Community retail pharmacists are anxiously watching as the influx of inexpensive generics trim their revenues. “Within 5 years, generics will account for 85 to 90 percent of retail dispensing,” says Fein. “Pharmacies will sell them like over-the-counter drugs at lower profits. If you want to stay involved in pharmacy, you will need to get involved in specialty pharmaceuticals.”
But, says Fein, most retail pharmacies aren’t well suited to deal with issues associated with specialty drugs, such as special handling — a “must have” service in the eyes of most payers. A more successful strategy, he says, would be to focus on disease areas, such as hepatitis C or HIV, where fewer handling concerns translate to fewer manufacturer restrictions on distribution channels — thus giving pharmacies easier access to specialty products. Small retailers taking this approach tend to focus on a single disease area and market their expertise to physicians in that area.
That opens tremendous potential for specialty pharmacy. Krawczyk says that at a recent large SP conference, attendees were bullish about the future of SPs, particularly because of retailers’ interest. “Retail pharmacies are trying to recreate themselves as SPs because of their loss in brands,” says Krawczyk. Chain pharmacies, in particular, are chasing the action — as CVS has done so well since merging with Caremark and as Walgreens is now doing (see page 16).
Walgreens, the nation’s largest drugstore chain, is an example of a company that made its name in retail pharmacy, starting with its founding in 1901, and has been branching out to capture a substantial portion of the specialty pharmaceuticals business.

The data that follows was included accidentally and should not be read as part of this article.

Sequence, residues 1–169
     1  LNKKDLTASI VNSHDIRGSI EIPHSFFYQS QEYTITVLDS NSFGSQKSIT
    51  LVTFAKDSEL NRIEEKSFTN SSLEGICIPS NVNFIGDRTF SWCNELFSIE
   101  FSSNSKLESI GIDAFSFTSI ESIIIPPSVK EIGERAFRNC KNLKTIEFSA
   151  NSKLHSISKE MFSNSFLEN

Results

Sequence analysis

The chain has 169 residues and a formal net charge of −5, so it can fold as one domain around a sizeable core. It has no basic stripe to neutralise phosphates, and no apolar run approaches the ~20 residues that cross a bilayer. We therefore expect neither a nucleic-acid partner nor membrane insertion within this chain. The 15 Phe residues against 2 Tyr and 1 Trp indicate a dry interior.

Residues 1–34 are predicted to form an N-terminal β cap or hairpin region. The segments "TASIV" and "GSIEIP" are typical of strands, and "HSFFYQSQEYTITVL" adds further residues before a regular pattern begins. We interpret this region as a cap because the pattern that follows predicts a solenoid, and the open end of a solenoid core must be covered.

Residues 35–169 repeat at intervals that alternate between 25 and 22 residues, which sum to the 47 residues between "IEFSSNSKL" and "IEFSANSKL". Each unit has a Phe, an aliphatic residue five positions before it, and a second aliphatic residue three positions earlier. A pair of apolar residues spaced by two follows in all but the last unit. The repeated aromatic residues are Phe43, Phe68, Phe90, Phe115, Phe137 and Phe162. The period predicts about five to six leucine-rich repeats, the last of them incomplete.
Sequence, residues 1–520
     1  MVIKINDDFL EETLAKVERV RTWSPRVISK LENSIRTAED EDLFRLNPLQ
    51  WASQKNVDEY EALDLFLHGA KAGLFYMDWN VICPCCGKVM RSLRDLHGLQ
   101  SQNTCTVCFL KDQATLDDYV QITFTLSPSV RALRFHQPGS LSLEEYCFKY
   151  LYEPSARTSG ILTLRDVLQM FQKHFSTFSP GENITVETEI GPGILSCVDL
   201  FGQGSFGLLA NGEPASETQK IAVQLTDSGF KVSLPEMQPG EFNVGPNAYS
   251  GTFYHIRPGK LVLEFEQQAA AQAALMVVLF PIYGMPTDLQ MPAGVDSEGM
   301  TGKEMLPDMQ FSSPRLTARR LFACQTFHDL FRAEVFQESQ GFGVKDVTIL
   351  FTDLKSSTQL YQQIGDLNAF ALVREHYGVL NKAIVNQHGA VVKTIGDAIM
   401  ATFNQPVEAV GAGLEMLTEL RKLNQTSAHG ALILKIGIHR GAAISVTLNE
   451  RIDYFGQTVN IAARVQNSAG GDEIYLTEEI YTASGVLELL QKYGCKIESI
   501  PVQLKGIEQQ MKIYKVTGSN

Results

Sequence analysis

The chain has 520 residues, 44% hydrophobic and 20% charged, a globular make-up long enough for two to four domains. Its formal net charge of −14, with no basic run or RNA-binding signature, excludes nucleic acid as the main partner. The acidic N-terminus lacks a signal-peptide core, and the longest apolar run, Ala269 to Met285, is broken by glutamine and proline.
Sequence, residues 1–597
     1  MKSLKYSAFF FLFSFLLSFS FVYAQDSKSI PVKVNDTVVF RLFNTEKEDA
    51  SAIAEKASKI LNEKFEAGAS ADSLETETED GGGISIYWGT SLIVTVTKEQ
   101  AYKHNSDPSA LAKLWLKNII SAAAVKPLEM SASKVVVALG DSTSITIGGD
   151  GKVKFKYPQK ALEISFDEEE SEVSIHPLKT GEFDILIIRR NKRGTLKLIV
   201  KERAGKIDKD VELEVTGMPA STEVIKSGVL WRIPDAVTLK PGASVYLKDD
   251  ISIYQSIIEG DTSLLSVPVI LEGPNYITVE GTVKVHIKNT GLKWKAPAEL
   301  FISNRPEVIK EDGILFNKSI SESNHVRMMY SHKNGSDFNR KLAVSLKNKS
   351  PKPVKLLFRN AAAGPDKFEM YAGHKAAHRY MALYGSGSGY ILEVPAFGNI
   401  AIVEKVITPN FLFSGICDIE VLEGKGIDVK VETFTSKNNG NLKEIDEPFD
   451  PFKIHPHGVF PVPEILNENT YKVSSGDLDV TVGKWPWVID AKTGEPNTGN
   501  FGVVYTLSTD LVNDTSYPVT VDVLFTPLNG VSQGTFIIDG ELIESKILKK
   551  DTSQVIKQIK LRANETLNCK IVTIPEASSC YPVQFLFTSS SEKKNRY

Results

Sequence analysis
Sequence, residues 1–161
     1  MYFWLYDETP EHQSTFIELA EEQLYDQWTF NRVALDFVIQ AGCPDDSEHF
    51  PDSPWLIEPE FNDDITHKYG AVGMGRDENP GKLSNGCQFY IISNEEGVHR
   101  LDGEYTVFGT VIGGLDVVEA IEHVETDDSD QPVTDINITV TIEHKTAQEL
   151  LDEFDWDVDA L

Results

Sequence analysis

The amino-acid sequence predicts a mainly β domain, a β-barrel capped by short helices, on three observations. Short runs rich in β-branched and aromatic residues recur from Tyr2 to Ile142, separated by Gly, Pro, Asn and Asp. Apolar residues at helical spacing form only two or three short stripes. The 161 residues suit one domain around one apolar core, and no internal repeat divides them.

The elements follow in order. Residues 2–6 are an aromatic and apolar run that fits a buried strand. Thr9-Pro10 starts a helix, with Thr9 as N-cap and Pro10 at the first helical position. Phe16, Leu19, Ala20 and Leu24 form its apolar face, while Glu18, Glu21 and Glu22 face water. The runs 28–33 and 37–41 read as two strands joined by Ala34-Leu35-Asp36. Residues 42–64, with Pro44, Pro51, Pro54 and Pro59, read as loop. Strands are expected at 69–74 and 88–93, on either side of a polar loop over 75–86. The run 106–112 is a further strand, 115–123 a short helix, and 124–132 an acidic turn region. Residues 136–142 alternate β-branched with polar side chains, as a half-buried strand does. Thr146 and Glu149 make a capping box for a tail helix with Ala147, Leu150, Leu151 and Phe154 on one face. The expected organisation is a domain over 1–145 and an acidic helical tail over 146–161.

Ray Tancredi, RPh, MBA, now in his fourth year as Walgreens’ vice president for specialty pharmacy development, says Walgreens embraced specialty products for the same reason the rest of the industry did: A substantial percentage of drugs in the pipeline are specialty pharmaceuticals. “If you’re in pharmacy today, you’re in specialty pharmaceuticals,” he says.
Or, at least, you should be, adds Ron Krawczyk, managing partner of Blue Fin Group, a life sciences consultancy. “It is good to be Walgreens.”
Walgreens began expanding into specialty pharmacy services in 2005. Its largest acquisition was the 2007 $850 million purchase of Option Care, which gave Walgreens a network of 100 specialty pharmacies and home-infusion businesses in 34 states, plus specialty pharmacy contracts with more than 400 MCOs. The company’s diverse specialty pharmaceutical distribution channels include workplace health centers and outpatient pharmacies within health systems. And last May, Walgreens acquired some BioScrip assets, including centralized specialty and mail-service businesses and 30 community specialty pharmacies in 16 states and the District of Columbia.
That positions Walgreens to get specialty drugs to patients via every channel available. The company says its multichannel approach sets it apart from competitors that tend to rely on central fill.1
Initially, specialty pharmaceuticals meant injectables, but now the industry is leaning toward oral drugs, Tancredi says. That trend has facilitated Walgreens’ entry into the specialty arena because it reduces the need for special storage facilities.